At the beginning of each year, queues are here, there and everywhere on the streets in Japan. And the reason behind, is the launch of lucky bags from different kinds of shops. So why is it so popular that making it a 'New Year custom' in Japan?
'Lucky bags' are said to be owned by gods and filled with good lucks. In the Edo period, some department stores made use of this myth, putting goods into the bags and selling them at discounted rates, so that customers could "luckily" buy them at favourable prices. In addition, the lucky bags are filled with unknown random contents, so every purchase makes people feel surprised. And these make lucky bags popular in Japan for many years until now. In recent years, in order to let customers feel secure, many shops are providing lucky bags with the contents disclosed. Although it amay lack a sense of mystery, customers can make sure what they are going to have are something they want.
On top of these, you would also get raffle tickets and have a chance of getting the $3,000 'Juyondai Junmai Daiginjo Banshu Yamada Nishiki' (1 person) OR Edo Kiriko Sake Glass Container ''Fuji and Pine''(1 person)! Sake lovers, do not miss it!
- Participants must be at least 18 years old.
- Each raffle ticket can only participate once.
- Raffle tickets number would be sent through email on 6th Jan.
- Lucky draw results would be released on 11th Jan at Saketora homepage and seperate emails would be sent to the winners.
- The winners' would be shipped from Japan on 13th Jan.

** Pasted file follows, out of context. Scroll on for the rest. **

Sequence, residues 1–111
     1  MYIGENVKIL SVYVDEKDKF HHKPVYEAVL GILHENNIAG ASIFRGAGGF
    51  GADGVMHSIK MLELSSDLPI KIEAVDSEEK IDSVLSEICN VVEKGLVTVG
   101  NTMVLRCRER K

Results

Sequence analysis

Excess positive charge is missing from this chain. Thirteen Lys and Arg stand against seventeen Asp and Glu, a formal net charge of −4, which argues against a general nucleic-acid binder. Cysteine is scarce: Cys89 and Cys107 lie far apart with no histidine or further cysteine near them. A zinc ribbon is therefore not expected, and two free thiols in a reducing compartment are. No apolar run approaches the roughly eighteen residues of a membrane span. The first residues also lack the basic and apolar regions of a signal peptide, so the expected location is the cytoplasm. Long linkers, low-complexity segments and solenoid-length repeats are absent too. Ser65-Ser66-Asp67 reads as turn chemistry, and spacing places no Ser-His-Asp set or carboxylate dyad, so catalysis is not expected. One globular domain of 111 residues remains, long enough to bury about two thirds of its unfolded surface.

- All prizes cannot be returned and are non-exchangeable for cash and/ or other gifts.
- Winners must follow the terms of conditions associated with the prizes when redeeming.
- In the event of any dispute, Saketora reserves the right of final decision on all matters concerning this campaign.
- In case of any discrepancy between the English and Chinese versions of these terms and conditions, the Chinese version shall prevail.
The most coveted sake brand
Juyondai - A sake brand that changed the drinking habit of Japanese sakes, from light and dry to the fruity Ginjo. The mouthfeel is smooth, the aroma is mild and the sweetness is light, which makes it unforgettable once you have tried. Yet, the popular Juyondai is rare in the free market and makes it become expensive or even priceless.
Japanese Traditional Glassware - Edo Kiriko
"Kiriko" refers to the traditional glass craftsmanship of carving various patterns on the glass. With the spirit of Japanese craftsmen, each glassware can said to be a work of art. In particular, the design with Japanese spirits such as Mount Fuji can show the beauty of Japanese style.